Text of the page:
The nation’s high court on Monday wrestled with whether government spending records from the nation’s largest food safety-net program are records that Congress intended to be released under a key federal transparency law.
Much of the argument in Food Marketing Institute v. Argus Leader Media centered on the meaning and intent of the word “confidential” and its use in the Freedom of Information Act, which Congress passed in 1966 to make government records available to the public.
The Food Marketing Institute, which represents grocers and other retailers, asked the U.S. Supreme Court to review the issue after a lower court ruled that spending records from the Supplemental Nutrition Assistance Program could be released to the public.
Justices appeared conflicted between upholding the spirit of the Freedom of Information Law and the desire to stick to the literal meaning of the word “confidential.”
“One of the aims of FOIA was to make information public despite official willingness,” Associate Justice Ruth Bader Ginsburg said.
But Associate Justice Neil Gorsuch noted that the word “confidential” was presumed to mean something different in another section of the FOIA law. “Why should we give the same word two different meanings?” he said.
The case revolves around a FOIA request that the Argus Leader newspaper from Sioux Falls, South Dakota made in 2011. The paper asked the U.S. Department of Agriculture to turn over the annual amounts that taxpayers had paid to every business that participates in SNAP, formerly known as the food stamp program.
USDA, which administers the SNAP program, refused to turn over the information, sparking an eight-year lawsuit that the Supreme Court agreed to review last year.
The Argus Leader has argued that money paid to retailers selling groceries in the SNAP program are the spending records of taxpayer payments. Robert Loeb, a lawyer representing the Argus Leader, told the justices that knowing how the government spends money is “critical information” for the public, and he cited scandals involving the government paying $600 for toilet seats as an example of why government payments for goods and services should be public.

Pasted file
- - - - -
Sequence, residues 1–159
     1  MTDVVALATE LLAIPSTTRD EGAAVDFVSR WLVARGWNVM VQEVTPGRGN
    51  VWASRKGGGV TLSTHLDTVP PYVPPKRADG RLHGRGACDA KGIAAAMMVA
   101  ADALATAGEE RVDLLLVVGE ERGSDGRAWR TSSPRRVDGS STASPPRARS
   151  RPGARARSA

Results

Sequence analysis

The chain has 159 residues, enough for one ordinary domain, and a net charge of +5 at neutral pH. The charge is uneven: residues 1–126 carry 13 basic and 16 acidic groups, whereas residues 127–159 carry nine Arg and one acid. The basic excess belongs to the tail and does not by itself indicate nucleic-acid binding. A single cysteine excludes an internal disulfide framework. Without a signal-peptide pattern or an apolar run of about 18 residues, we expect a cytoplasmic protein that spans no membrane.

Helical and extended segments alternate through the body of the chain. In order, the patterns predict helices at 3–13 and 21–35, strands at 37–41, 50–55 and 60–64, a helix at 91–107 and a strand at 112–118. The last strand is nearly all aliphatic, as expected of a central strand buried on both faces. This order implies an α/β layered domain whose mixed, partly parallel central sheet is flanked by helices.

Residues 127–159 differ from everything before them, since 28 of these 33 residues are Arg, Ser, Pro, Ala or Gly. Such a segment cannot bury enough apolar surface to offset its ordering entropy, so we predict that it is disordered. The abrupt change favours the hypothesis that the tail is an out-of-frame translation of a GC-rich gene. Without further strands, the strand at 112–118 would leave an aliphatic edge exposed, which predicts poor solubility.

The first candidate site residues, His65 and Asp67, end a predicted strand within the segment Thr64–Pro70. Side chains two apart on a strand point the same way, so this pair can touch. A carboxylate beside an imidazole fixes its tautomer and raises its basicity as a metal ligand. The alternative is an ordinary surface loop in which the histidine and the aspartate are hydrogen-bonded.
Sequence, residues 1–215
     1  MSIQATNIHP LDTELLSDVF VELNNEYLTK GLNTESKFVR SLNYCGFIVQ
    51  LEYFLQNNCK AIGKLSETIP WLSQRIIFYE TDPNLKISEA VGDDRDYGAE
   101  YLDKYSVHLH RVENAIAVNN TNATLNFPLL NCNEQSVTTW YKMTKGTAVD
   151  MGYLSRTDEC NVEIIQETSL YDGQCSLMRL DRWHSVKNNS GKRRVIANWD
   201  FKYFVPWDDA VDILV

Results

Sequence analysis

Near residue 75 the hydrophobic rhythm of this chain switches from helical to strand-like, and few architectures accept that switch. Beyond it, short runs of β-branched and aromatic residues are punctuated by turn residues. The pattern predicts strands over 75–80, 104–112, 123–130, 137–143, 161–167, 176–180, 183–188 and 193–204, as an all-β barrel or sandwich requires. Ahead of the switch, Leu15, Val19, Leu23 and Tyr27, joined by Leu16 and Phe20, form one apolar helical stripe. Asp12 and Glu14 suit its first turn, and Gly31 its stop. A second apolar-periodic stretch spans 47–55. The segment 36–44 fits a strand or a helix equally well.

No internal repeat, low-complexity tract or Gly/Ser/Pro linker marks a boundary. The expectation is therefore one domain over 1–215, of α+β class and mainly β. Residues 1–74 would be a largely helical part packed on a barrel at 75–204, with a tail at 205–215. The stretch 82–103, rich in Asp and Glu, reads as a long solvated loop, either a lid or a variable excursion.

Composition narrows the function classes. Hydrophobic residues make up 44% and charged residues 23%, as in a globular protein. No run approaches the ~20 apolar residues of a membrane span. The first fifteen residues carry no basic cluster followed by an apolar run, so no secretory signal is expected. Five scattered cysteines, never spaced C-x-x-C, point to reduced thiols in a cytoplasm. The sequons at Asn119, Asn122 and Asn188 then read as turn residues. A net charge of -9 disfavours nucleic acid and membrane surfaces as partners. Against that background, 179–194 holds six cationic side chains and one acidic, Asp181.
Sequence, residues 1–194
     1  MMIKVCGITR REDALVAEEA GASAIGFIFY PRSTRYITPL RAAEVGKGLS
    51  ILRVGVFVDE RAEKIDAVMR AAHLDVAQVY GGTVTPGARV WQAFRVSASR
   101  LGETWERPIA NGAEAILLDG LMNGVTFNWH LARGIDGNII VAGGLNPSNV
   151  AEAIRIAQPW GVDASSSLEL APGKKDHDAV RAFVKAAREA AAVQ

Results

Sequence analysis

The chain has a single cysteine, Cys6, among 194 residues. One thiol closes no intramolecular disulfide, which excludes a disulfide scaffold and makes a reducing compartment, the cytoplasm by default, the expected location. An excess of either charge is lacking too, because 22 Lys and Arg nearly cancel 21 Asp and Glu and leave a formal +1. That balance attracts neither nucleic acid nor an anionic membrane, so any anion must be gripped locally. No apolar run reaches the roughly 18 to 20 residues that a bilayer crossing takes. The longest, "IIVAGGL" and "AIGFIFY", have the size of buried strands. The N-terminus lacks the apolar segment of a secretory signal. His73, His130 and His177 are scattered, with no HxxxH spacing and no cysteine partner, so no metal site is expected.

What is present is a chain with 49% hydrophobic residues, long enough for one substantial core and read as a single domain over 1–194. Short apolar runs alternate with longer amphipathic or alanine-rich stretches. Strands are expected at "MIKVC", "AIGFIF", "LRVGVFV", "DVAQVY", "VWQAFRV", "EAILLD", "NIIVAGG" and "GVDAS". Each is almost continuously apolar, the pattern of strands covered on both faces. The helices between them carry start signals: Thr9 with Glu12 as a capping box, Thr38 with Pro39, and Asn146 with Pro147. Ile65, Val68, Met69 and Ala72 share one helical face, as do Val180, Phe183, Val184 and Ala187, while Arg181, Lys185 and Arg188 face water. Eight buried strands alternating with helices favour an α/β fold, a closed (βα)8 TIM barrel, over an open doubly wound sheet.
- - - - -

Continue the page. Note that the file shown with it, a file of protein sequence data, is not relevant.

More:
Retailers argued that the taxpayer payments should be treated as confidential commercial information and withheld from the public under an exemption to FOIA that protects trade secrets and confidential financial information. In 1974, a federal appeals court ruled that confidential information could be withheld only if its release was likely to cause substantial competitive harm.
Evan Young, a lawyer who represented FMI, said the 1974 decision requiring a showing of substantial competitive harm ignored the meaning of “confidential” by broadening its scope. Retailers in the SNAP program treat the payments they receive confidentially, which by itself should protect the payments from disclosure.
“Harm is not a part of the word confidential,” Young said.
But Loeb argued the competitive harm language was in keeping with the understanding of “competitive” when Congress drafted FOIA. And he said that Congress had used similar language 29 times since 2001 in other statutes, which showed Congress had given its blessing to the interpretation.
Gorsuch seemed skeptical, pressing Loeb why the use of the word confidential in the law to protect confidential informants was different from the use of confidential to protect business information.
Anthony Yang, an assistant solicitor general who represented the Trump administration, told the justices the government had given retailers assurances for decades that program payments would remain confidential.
“The government is trying to keep its word,” Yang said.
But Ginsburg questioned whether government promises to withhold information would jeopardize the intent of FOIA to disclose government information.
“To say the government can control this by making a promise that it won’t disclose, that seems to run counter to the whole idea of FOIA,” Ginsburg said.
A ruling on the case will come this spring.
USA Today Supreme Court Correspondent Richard Wolf contributed to this report.
This article originally appeared on Sioux Falls Argus Leader: Supreme Court grapples with whether food stamp payments are public records